... a minority of the wider Punjabi community is Sikh ... most Punjabi's are Muslims and there are more Hindi speaking "Punjabi's" in the historic parts of pre-1966 Punjab.

So we as Sikhs need to fight back against this nonsense portraying Sikhs as the equivalent of Punjabi's as they seek to limit the truth to a small part of Punjab only.

Even the Muslim Jatts that killed 300,000 Sikhs in 1947 and the Hindu Jatts like Sajjan Kumar laugh at the ridiculousness of some Sikhs associating an ancestry with their name as a mark of pride given the fact that even the vast majority of Jatts are Muslim and Hindu ...

So again we as Sikhs need to fight against our Panth being associated with any particular ancestry backgrounds (because that's exactly what our enemies want)

So let's be clear anybody in 2012 who proclaims their ancestry background from the rooftops is not a Sikh and Punjabiyat has no relavance to Sikhi. Anybody into Bhangra please tell your favourite artists that you will not buy their records if they continue to promote alcohol + caste on behalf of a Muslim record label like Moviebox.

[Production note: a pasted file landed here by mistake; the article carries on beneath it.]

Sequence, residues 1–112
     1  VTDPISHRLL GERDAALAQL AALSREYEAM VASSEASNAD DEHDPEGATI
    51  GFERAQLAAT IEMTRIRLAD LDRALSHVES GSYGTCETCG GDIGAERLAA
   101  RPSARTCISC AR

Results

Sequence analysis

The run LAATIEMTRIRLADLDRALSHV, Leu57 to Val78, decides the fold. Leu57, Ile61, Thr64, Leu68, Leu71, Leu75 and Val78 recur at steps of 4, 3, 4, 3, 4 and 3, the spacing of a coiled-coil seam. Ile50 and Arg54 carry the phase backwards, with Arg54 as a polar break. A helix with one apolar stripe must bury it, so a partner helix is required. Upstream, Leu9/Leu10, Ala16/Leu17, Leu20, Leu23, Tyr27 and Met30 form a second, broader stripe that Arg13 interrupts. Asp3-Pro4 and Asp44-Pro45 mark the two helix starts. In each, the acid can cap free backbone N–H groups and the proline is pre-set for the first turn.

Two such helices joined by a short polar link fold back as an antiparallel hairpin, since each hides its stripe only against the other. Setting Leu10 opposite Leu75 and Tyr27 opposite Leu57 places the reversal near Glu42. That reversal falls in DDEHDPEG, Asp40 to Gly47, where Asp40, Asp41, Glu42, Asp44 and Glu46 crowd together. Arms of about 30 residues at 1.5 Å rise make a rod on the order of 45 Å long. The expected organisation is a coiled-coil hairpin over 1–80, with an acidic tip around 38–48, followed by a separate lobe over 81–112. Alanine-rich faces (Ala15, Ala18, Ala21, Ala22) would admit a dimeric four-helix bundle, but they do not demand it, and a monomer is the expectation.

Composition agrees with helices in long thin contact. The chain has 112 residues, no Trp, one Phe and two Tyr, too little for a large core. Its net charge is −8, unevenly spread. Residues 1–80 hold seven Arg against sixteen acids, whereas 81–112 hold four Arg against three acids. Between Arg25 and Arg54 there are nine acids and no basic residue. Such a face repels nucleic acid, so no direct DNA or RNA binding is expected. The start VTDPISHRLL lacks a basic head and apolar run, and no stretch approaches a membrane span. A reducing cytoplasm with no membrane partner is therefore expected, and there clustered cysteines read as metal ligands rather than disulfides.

Sikhi is falsely portrayed by the Panth's enemies and for the record let me state that i think a billion or so Hindu's are generally good people (the 800 million or so Hindu's who live in poverty I consider as Sikh in my eyes anyway ... before someone misinterprets my stab at the Panth's enemies)

Good point, but dont forget the first one Bhai Daya Singh ji was from lahore and punjab, but sikhs were all over india.

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UKLondonSikh    152

Yeah Paji at least we Punjabi's had one Gursikh amongst the Panj Pyaaray ... can you imagine what it would have said about us Punjabi's if all of the Panj Pyaaray were non-Punjabi ... but then again I suppose the fact that 200 years ago at the start of the 19th Century a staggering 95% of Punjabi's were Muslims and Hindu's says a lot. Even as recently as1947, we were only 13% of the Punjabi population so Punjab definitely is not the future of Sikhi despite it being the historic cradle.